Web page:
UNESCO activities in Japan, under Clause #1 of the Law concerning UNESCO Activities (June 21st, 1952), are stated to have the objectives of deepening international understanding broadly among our country’s citizens through education, science and culture and of contributing to world peace and the welfare of humankind by advancing understanding and cooperative relations between Japanese citizens and citizens of other countries around the globe.

 Clause #3 of the Law concerning UNESCO activities says that such activities “must be developed while cooperating with UNESCO, the United Nations and its specialized institutions, international organizations and the governments of various nations having connections with UNESCO activities, organizations with connections to the National Commissions for UNESCO and /or UNESCO activities, etc.” Paragraph#1, Clause#4 of the same law further states, “In order to achieve the objectives in Clause#1, the national government or local governmental bodies will carry out their own UNESCO activities, and , when recognized as necessary, give advice with private sector UNESCO activities.”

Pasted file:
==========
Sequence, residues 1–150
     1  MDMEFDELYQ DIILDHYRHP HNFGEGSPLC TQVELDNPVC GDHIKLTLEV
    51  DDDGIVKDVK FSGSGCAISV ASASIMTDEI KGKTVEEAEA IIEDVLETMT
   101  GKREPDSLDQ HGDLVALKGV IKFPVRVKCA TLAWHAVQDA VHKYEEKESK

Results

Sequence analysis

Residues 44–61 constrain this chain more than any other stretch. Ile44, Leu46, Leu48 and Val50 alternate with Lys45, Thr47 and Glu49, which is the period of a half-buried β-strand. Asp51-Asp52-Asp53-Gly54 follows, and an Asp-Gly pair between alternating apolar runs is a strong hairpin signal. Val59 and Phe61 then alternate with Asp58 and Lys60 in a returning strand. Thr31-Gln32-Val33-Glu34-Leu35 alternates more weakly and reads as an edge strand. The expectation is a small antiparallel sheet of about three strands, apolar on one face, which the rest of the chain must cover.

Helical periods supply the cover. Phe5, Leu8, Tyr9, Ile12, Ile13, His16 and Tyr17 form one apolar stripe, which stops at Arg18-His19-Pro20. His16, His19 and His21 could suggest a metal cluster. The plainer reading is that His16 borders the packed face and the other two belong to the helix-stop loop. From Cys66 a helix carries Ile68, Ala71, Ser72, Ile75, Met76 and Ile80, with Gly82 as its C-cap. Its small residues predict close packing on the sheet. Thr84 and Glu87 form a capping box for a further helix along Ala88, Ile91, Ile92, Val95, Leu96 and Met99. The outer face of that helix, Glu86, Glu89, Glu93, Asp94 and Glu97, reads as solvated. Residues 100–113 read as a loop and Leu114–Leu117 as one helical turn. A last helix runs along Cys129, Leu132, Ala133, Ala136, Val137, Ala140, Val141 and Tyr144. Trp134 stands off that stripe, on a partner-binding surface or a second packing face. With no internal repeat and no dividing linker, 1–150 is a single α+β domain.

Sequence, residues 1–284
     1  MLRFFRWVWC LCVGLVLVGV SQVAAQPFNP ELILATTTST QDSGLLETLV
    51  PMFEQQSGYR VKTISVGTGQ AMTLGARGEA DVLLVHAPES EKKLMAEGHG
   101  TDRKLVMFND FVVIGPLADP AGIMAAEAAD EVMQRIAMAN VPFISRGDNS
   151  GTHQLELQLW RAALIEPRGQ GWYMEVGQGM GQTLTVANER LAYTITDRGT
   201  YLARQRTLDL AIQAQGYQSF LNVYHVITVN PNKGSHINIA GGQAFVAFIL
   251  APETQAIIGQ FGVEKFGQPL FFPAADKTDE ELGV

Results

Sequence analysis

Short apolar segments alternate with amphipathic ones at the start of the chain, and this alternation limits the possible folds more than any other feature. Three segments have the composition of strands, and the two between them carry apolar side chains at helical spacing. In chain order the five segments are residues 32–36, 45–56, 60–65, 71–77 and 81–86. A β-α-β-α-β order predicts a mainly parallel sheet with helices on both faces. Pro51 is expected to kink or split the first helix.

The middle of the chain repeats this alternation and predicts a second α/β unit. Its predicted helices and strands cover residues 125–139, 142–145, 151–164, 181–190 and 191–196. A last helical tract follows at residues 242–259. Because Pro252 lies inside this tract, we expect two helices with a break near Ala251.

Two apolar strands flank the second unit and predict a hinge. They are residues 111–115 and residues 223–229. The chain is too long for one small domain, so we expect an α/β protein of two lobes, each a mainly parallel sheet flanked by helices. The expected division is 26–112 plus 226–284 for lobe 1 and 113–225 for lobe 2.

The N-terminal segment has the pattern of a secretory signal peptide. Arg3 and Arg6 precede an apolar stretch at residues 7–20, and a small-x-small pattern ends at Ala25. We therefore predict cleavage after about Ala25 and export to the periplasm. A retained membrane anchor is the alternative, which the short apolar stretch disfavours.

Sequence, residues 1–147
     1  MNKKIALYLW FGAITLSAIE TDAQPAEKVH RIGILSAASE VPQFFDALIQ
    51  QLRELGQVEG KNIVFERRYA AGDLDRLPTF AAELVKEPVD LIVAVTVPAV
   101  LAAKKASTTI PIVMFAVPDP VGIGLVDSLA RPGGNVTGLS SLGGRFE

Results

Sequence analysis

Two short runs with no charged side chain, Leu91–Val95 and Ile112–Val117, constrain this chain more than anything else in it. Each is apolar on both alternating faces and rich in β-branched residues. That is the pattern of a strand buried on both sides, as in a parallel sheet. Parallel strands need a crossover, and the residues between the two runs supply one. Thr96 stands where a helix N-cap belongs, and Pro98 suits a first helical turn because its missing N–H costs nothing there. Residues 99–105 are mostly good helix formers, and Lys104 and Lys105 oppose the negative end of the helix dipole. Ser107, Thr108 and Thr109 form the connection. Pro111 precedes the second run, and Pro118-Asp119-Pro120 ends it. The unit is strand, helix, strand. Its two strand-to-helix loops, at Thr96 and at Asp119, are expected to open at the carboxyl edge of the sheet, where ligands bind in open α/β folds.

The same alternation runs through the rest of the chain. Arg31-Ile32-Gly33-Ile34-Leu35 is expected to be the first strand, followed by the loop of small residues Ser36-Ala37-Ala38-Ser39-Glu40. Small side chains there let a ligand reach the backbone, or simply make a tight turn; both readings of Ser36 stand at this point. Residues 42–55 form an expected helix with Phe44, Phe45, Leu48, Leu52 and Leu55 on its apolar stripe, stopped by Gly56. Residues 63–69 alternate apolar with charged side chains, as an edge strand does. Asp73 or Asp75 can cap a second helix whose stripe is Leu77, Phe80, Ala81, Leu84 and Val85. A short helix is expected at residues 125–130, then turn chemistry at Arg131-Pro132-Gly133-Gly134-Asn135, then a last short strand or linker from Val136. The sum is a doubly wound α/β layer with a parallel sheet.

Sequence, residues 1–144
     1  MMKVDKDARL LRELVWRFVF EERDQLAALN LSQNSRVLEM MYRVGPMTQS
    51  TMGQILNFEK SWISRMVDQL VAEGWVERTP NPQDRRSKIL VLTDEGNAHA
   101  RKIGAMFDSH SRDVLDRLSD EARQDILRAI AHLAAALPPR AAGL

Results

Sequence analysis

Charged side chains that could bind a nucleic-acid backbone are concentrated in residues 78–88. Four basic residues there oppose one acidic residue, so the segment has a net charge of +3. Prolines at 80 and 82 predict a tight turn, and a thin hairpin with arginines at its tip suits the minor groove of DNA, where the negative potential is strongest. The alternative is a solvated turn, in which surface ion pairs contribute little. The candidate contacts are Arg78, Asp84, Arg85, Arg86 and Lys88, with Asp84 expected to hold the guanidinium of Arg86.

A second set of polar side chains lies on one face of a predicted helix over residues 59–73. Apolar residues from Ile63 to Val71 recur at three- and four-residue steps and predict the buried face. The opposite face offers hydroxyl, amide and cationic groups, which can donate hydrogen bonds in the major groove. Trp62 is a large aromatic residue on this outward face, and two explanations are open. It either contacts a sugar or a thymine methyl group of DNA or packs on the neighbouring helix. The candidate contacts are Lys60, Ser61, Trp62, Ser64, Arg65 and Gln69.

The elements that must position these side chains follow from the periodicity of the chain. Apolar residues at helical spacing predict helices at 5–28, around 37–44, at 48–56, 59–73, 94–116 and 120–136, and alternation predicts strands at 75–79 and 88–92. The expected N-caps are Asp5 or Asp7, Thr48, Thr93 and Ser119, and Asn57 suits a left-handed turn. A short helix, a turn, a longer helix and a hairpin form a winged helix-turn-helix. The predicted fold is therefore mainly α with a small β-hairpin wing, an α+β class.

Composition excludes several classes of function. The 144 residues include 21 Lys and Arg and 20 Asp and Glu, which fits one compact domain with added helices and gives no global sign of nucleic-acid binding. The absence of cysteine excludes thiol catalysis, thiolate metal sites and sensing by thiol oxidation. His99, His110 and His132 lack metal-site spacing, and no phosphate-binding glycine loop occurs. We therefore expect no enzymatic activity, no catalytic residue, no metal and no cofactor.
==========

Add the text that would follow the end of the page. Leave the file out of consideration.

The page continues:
In the case of Japan, out of the circumstances whereby UNESCO activities that arose from private sector UNESCO activities have affected the national government, parliament, etc. and led to the ripening opportunity for Japan to join UNESCO, private sector UNESCO organizations came to exist and energetically engage in activities in all parts of Japan (in line with the doctrine/objectives of UNESCO, they are non-governmental organizations, such as UNESCO associations, UNESCO clubs, etc. that carry out their own activities in the individual region). The National Federation of UNESCO Associations in Japan (NFUAJ) is a non-governmental organization, which binds the component organizations such as aforementioned regional UNESCO associations and promotes cooperation with the Japanese National Commission for UNESCO (Ministry of Education, Culture, Sports, Science and Technology), the Ministry of Foreign Affairs, UNESCO Headquarters, and so on.

 Moreover, the Asia/Pacific Cultural Centre for UNESCO (ACCU), an incorporated foundation was established in 1971, with the objectives of promoting culture in the nations of the Asia/Pacific region and of contributing to mutual understanding in line with the fundamental policies of UNESCO. ACCU implements “education cooperation” projects like creating teaching material for literacy, “cultural cooperation” projects such as training for the preservation of cultural heritage and workshops for preserving intangible cultural heritage, as well as “human exchange” projects like international exchanges of teachers and young people, etc.

(Office of the Director-General for International Affairs)